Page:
Sunday, May 29, 2011

North Korea as a concentration camp

The more we know about North Korea the more it looks like a concentration camp -- the whole country, a place where the government has for years sought to seal its population from all outside influences. It is hard to internalize how abusive the place is.

This is a country whose abuses of its own citizenry awaken images of Nazi "race science." The BBC says that North Korea is testing new chemical weapons on women and children. In fact, the families that fail to have pedigrees of fully obedient citizens for three generations have been used in such "scientific" tests. [See the following site:]
Hundreds of thousands of people are imprisoned without charge. It's not because they have committed a crime. It is because their relatives are believed to be critical of the regime and so they are punished.
According to President Kim Jong Il, the bad blood and seed of any dissident must be rooted out down to three generations.
Forced labour and starvation rations ensure that prisoners do not escape. Those who try to are publicly executed.

Kwon Hyok, a former North Korean army intelligence officer, was also chief guard at "Prison Camp no. 22". For the first time on camera, he describes specially-made glass gas chambers used for human experimentation.
Another source on conditions in North Korea is a video that shows several thousand children starving on the streets, ignored and unprotected. [See the following site:]

Also, the PBS News Hour recently aired a clip from a forthcoming film, Kimjungilia, that documents the horrors of life in North Korea. Here are some of the statements about conditions in the country, from that clip.
[W]hen I started forced labor [at the age of nine], I didn't have time for them [pet fish]. I didn't even have time to cry. Every day was so tiring. We worked so hard. I was so cold. You don't care about your pet fish when you're dying.
We never knew when we'd get beaten. There was constant fear.
Another speaker
… in 1994, we were having a very hard time. We would go to the mountains to pick roots. We ate grass from the fields and bark from the trees.
The experience of a young woman:
Narrator: There are an estimated 300,000 prisoners in the camps today. But even outside the camps, life is difficult. There are fears that food shortages could get as bad as they were in the mid-'90s, when Byeon Ok-soon was growing up.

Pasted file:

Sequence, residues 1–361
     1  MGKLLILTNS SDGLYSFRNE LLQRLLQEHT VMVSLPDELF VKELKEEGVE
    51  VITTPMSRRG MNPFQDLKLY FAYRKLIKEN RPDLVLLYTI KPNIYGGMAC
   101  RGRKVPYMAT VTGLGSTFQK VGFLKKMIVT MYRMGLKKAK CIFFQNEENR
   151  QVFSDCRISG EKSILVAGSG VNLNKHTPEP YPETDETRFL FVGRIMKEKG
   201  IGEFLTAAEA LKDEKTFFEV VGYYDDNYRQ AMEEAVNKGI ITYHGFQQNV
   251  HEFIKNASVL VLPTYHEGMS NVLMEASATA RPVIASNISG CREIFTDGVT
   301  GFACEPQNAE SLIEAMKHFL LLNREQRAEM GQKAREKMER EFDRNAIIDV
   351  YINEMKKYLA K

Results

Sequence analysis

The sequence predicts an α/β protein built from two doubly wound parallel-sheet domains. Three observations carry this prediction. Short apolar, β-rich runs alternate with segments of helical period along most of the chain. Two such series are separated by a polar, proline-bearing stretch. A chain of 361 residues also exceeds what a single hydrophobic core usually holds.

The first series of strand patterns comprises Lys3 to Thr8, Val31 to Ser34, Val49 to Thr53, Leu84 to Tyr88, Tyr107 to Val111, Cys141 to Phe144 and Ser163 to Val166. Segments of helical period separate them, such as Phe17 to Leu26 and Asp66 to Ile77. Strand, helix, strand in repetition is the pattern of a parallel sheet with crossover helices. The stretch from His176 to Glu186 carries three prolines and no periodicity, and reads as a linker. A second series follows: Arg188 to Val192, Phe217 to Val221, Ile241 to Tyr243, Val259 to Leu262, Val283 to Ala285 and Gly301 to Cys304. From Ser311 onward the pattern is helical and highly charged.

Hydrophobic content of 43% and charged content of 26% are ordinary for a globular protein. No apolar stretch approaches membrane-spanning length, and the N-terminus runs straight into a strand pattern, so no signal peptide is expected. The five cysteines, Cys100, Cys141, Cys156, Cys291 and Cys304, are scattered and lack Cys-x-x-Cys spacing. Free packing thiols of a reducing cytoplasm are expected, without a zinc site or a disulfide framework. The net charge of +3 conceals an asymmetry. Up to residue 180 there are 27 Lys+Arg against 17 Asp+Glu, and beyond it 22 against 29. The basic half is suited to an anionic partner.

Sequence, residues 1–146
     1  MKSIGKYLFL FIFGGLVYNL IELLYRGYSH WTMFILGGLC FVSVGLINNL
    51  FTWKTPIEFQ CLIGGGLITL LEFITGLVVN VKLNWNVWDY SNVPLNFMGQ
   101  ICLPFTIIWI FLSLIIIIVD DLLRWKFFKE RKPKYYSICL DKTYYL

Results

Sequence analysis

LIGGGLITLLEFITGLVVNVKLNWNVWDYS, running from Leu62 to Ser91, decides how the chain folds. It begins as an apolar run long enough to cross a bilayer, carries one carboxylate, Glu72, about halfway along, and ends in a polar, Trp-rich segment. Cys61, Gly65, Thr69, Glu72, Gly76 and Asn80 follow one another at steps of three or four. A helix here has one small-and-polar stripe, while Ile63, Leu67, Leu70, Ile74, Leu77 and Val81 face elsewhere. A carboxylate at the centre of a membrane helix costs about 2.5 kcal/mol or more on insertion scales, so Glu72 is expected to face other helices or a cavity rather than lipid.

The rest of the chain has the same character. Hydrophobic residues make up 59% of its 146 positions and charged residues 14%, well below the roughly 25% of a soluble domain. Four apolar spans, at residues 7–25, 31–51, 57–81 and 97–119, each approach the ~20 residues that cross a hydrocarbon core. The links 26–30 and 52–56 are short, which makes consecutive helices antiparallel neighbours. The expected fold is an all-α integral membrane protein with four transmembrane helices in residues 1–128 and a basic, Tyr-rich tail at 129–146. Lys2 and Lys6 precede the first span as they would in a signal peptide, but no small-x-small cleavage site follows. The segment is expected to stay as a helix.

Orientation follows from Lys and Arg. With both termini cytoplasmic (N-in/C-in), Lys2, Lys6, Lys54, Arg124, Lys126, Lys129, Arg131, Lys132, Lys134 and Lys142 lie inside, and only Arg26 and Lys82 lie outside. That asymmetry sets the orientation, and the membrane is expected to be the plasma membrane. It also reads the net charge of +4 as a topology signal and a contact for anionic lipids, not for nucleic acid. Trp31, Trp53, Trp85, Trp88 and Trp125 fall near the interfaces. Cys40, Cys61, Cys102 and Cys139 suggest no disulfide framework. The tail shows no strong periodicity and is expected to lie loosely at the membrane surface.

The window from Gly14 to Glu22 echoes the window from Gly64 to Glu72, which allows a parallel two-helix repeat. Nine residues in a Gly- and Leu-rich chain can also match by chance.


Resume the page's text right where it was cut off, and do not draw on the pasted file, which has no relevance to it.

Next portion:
… Byeon Ok-soon lived with her parents, three brothers, and sister in a northern town. The only source of food was the state-run distribution system. By the time she was 17 that system had collapsed.
BYEON OK-SOON (through translator): One day, I was with my father in the mountains. I got soaked with rain while we were foraging. After we finished I went home. My body started to burn and I fainted.
We had nothing to eat and we certainly couldn't buy medicine. So, they laid me to one side, waiting for me to die. I had typhoid fever and was in a coma.
NARRATOR: Ok-soon woke up from her coma in China. Her brother had carried her on his back across the Tumen River. He left her in the care of an old woman while he looked for work to pay for her medical treatment.
As the oldest brother, it was his duty to care for his parents and siblings. He took his duty very seriously.
BYEON OK-SOON (through translator): After he saved me in China, with our parents back in North Korea, my brother felt very tortured. He would get food and take it back to our parents. He was constantly sneaking back and forth.
When he realized the North Korean authorities were on to him, he decided to give himself up. If you give yourself up, you expect to receive a lighter sentence. That's what he thought. Instead, he was taken and publicly executed.
A former Captain in the military:
PARK MYUNG-HO, escaped North Korea (through translator): The military suffered, too. The state only supplied us with rice and salt. We had to get everything else ourselves.
NARRATOR: Park Myung-ho was a captain in the Korean People's Army. He served for 20 years. His father had also been a soldier.
PARK MYUNG-HO (through translator): These days, many officers desert. Even if you want to work, there are always supplies missing, making it impossible to do the job. But commanders go on issuing orders every day. You have to steal the supplies you need.
If you care at all, it is impossible not to express your frustration. Consequently, many are arrested. That's what drove me to escape. We decided to cross the 38th Parallel by boat. We evaded navy ships twice. Because our boat was small and theirs were big, we could see them first and get away.
Actually, the North Korean ships had no fuel. They couldn't start their engines and were under sail. When I saw all the trees on the mountains, I knew we were in South Korea.
Another man’s escape:
I came up with the idea of escaping. I knew we could get shot or electrocuted. All of a sudden, I was afraid. And then my friend said, "I don't think we can do it." But I couldn't give up. I had to escape. I practically dragged him. And then I slipped in the snow, so he ran ahead of me. When I saw the wired gates, I figured he was squeezing through the electric wires. So, I followed his lead and squeezed through, too. When I got up and looked behind me, I realized I was on the other side of the gates. And then I saw my friend was stuck and didn't move. He was still stuck in the wires. If I hadn't fallen, I would have been the first to squeeze through the electric wire. I would have been the one electrocuted.

No comments: